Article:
Ignacio businesses and multi-family housing units are now required to install backflow prevention devices on their water service line, if they don't already have it. It's to avoid a possible source of contamination of the town water system.
Town trustees approved an ordinance on Feb. 15 giving the town authority to survey affected businesses to see whether they have the device.
It's to have a written document, as required by the Colorado Department of Public Health and the Environment (CDPHE) "giving us authority over all commercial and multi-family housing," Public Works Director Jeremy Schulz said. "The state requires it. ... It grants us the right of entry to do the surveys and determine what's needed."
Interim Town Manager Mark Garcia said, "The law has been on the books probably a decade. It's an unfunded mandate" because the cost falls on businesses and owners of multi-family properties. "The state has gone from fairly lenient to fairly stern" on enforcement.
The state requires annual inspections of affected properties, he said. That can be done by town staff, or the town can delegate it to a private operator, such as a plumber. "This (ordinance) is the first step. Jeremy and his staff are prepared to take some training, but we haven't decided whether to take it on," Garcia said.
Shulz advised there's no grandfathering from the state on the backflow prevention requirement, and all costs are borne by the customer. If a device is needed, he guessed it could cost from $12 to $150 or $300.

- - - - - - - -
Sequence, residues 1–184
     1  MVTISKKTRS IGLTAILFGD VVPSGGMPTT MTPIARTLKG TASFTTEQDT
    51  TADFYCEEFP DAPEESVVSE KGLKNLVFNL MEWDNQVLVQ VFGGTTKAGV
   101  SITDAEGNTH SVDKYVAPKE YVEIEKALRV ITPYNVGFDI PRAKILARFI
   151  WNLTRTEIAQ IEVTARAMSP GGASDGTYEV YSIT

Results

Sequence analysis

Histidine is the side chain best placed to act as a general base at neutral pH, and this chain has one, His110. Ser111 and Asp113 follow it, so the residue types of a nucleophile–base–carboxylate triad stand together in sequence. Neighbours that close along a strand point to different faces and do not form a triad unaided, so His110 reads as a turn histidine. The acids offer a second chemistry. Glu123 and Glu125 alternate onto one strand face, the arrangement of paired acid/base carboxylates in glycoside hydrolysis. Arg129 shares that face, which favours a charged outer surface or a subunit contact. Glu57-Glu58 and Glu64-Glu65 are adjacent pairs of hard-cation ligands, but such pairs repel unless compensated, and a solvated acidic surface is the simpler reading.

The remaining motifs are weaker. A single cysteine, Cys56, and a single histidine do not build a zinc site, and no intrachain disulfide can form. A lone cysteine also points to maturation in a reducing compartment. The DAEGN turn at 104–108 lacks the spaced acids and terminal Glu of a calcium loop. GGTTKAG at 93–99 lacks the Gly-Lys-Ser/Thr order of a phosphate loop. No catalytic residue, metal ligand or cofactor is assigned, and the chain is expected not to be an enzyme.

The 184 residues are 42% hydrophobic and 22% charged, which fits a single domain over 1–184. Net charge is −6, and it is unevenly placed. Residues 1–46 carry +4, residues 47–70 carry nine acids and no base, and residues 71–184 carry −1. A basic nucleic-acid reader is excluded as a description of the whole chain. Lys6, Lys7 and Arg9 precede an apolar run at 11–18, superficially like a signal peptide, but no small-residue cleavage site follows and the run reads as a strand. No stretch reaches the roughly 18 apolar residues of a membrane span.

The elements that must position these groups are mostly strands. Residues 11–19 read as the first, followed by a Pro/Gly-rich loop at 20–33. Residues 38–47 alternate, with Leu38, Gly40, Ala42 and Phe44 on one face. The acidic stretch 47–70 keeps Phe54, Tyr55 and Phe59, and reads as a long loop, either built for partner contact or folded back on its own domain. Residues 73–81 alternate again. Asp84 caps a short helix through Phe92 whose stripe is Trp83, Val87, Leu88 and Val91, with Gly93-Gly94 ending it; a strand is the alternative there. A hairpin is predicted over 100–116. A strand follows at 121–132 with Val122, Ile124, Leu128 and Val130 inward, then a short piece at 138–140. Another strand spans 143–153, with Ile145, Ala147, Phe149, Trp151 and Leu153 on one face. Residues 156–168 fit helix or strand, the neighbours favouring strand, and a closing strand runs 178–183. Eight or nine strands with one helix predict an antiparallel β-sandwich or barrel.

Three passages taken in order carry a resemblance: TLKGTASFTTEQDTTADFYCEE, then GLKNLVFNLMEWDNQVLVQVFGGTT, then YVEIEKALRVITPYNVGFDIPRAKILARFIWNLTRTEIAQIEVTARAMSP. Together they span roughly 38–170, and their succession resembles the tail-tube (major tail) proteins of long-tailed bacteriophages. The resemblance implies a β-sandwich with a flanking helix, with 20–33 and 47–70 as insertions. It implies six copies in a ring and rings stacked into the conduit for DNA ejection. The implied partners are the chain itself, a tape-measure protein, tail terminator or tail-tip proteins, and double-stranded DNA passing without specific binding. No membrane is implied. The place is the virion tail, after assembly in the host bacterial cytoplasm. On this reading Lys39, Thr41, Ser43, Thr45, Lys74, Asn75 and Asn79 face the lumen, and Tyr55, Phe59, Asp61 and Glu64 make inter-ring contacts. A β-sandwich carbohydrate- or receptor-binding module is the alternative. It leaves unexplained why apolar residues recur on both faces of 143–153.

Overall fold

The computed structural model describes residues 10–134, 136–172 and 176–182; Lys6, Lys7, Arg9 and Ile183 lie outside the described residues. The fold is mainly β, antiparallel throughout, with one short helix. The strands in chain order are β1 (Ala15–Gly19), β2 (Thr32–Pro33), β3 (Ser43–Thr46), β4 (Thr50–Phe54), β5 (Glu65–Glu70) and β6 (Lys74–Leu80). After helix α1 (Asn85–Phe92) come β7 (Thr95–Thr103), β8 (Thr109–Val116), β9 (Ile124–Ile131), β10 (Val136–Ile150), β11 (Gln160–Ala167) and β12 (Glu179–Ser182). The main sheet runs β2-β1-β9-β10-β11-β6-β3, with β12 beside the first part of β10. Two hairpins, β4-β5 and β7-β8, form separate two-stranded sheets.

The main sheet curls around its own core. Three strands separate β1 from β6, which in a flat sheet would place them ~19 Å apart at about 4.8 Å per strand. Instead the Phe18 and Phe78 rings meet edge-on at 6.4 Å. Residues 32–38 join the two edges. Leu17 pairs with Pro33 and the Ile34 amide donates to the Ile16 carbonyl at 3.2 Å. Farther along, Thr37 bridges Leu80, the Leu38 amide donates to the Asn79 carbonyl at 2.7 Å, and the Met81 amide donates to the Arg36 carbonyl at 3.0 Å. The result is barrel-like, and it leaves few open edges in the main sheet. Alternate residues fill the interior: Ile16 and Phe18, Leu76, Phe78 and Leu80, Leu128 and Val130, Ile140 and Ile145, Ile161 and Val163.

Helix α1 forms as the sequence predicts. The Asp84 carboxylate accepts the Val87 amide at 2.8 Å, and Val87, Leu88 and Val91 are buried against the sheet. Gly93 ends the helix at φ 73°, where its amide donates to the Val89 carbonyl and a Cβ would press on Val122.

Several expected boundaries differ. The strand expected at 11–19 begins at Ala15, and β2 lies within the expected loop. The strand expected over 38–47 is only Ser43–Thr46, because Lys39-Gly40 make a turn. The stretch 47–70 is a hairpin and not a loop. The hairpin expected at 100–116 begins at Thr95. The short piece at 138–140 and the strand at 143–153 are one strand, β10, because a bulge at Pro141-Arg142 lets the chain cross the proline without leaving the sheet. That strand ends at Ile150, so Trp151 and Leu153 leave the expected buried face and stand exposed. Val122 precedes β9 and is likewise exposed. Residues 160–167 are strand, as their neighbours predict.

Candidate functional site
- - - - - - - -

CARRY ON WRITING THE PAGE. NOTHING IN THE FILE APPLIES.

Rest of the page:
Trustee Tom Atencio commented, "We have to let people know that this cost is coming and it's mandatory."
Garcia said there's a compliance schedule, so that not all affected buildings have to comply at once. Schulz added that they all will have to have the appropriate device by 2020.
Trustees also approved a snow route ordinance that might have gotten use this week.
"We've had some issues of being able to remove snow from streets without (dealing with) obstacles," Development Director Dan Naiman said. "We don't have anything that people need to move vehicles."
Garcia added, "We had a snow event about two weeks ago that heightened the need for this ordinance. We felt it would be easier in a snow event to not allow parking at all in a snow event and plow to the middle" of the street.
The ordinance designates primary snow routes on Browning, Lakin, Becker and Romero, and secondary routes on Arboles, Ignacio, and Empire streets. Other streets could be designated as needed.
The ordinance says, "A snow event is declared whenever there is three or more inches of non-drifted snow, sleet, or ice on an Emergency Snow Route beginning at 12:01 a.m. and continuing for a 24 hour period. Vehicles, trailers, RVs, or apparatus occupying space shall not be parked along Emergency Snow Routes during a snow event."
Also on Feb. 15, trustees met with new Southern Ute Growth Fund Executive Director Raymond Baker.
"We are here to serve, to be stewards of the land, an ambassador of the tribe," Baker said.
Trustee Atencio noted the town's ongoing concerns about what the tribe charges for sewage treatment. "Our utilities are under the Growth Fund. Can we set up a meeting to discuss our concerns... to see if we can come up with some of the answers we need?" He advised, "We've approached the tribe and haven't gotten much correspondence from them."
Baker said, "It's on the radar." He noted he doesn't speak for the tribal government.